Let's first make one thing clear. I have never actually come to blows over the result of a sporting contest. Other than the time I was sent off for fighting in the South West Herts Youth League. And the occasion when I became fistically involved with one of my team-mates after a disagreement over tactics. And the time I fought with my brother after watching Dave Bedford overwhelmed in the 1972 Olympic 10,000 metres final.
Having made that one thing clear, I have to admit that my reaction to sporting adversity over the years has involved me in actions which have been, at best, unsporting. At worst, pathetic. My response to England's 1-0 World Cup defeat by Brazil in 1970, for instance, is not something of which I am proud. Tearing every pictures of Pele, Jairzinho and co from my football magazines, I took them to the end of the garden and burned them with malevolent satisfaction. Chilling in hindsight.
Three years later, after seeing England prevented from reaching the 1974 World Cup finals by a persistently selfish Poland side, I stormed out of the front door and concluded a random journey by throwing a half brick into the garden of one of the posh houses in Chalfont Lane. How good did that feel! Not very good, in fact...
1982. The Keegan Miss. Despair. 1986. The Hand of God. Not fair. But these last two enormities were as nothing compared to the unacceptable trauma of losing to Germany on penalties in the 1990 semi-final. Crushed, I sought solace in the local pub, downing three pints and defiantly programming the juke box to play Joy Division three times over. My God, what a really magnificent gesture.
In an attempt to prevent similar outbreaks of embarrassing behaviour during this World Cup, I attempted a little pre-emptive exercise. Why not, I thought, try to appreciate a game purely on its footballing merits? Why not take a leaf out of De Coubertin's book, and concentrate on the taking part rather than the winning?
The group match between South Korea and Mexico appeared to have potential for the purposes of experimentation, as I had no feelings about either team. Things went tolerably well until South Korea took an unexpected lead. The joy of their scorer was so palpable it burst through the television screen and forced both corners of my mouth up. When the said scorer was sent off soon afterwards for what was no more than an over-excited challenge, well, bye bye detached appreciation, hello one-eyed partisanship. Ich bin ein Korean - or similar.
The truth is that watching competitive sport doesn't make any kind of sense unless you take sides. And right now, a week and a half into the greatest sporting show on earth, we are still at the heady stage where fantasy has yet to be proven vain.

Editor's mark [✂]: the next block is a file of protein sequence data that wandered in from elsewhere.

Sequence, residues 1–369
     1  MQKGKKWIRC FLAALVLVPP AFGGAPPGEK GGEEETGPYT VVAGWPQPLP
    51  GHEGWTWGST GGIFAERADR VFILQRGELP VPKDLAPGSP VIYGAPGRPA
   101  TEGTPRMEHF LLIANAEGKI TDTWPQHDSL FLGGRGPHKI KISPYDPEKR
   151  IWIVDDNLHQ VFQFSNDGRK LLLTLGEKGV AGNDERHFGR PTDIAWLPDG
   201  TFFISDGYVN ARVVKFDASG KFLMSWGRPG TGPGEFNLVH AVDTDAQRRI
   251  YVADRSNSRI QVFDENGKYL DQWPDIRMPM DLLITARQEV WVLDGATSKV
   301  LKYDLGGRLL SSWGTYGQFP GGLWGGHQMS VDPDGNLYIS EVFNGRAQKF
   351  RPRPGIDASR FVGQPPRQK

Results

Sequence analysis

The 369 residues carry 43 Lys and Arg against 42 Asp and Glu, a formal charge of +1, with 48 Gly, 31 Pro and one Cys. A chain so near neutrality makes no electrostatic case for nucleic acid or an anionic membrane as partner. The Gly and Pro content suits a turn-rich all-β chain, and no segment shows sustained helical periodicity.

So stock up the beers, run up the flags, because England have won the World Cup! Or as good as.
I was recently given sequential proof that the trophy is destined for Glenn Hoddle's men: 1966 winner, England; 1970, Brazil; 1974, West Germany; 1978, Argentina; 1982, Italy (for the purposes of this theory, merely a historical turning point); 1986, Argentina; 1990, Germany; 1994, Brazil. Ergo, in 1998, England complete the mirror image. Topographical certainties.
A couple of years ago, I attended an evening of World Cup reminiscence which began with Martin Peters talking an audience through the 1966 final. It was a rainy mid-week evening in Leamington Spa, and the audience in question was just short of embarrassingly sparse. At the back of the hall, an elderly man murmured the plot to his wife, anticipating all Peters' name checks - "Wilson... Haller... Ball... Hurst... Bakhramov".
The drama of those 120 minutes at Wembley has become legend - an Arthurian tale for the 20th century in which England's warriors come through adversity at the third time of asking to seize the Holy Grail. In future years, will other old men sit at the back of dusty halls reliving the legendary combinations which brought England glory in 1998? Probably not. But not definitely not - because the history of the 1998 World Cup is still a live, malleable thing.
"Two minutes left, Owen's break forced the Germans to concede a corner and Adams, the "Lion of England", rose above everyone to head home the goal which officially ended 32 years of hurt..."
Or perhaps this? "McManaman, who had started the tournament on the bench, applied the coup de grace to the Argentinians after a weaving run worthy of Maradona himself. England 1, Argentina 0. It was all over..."
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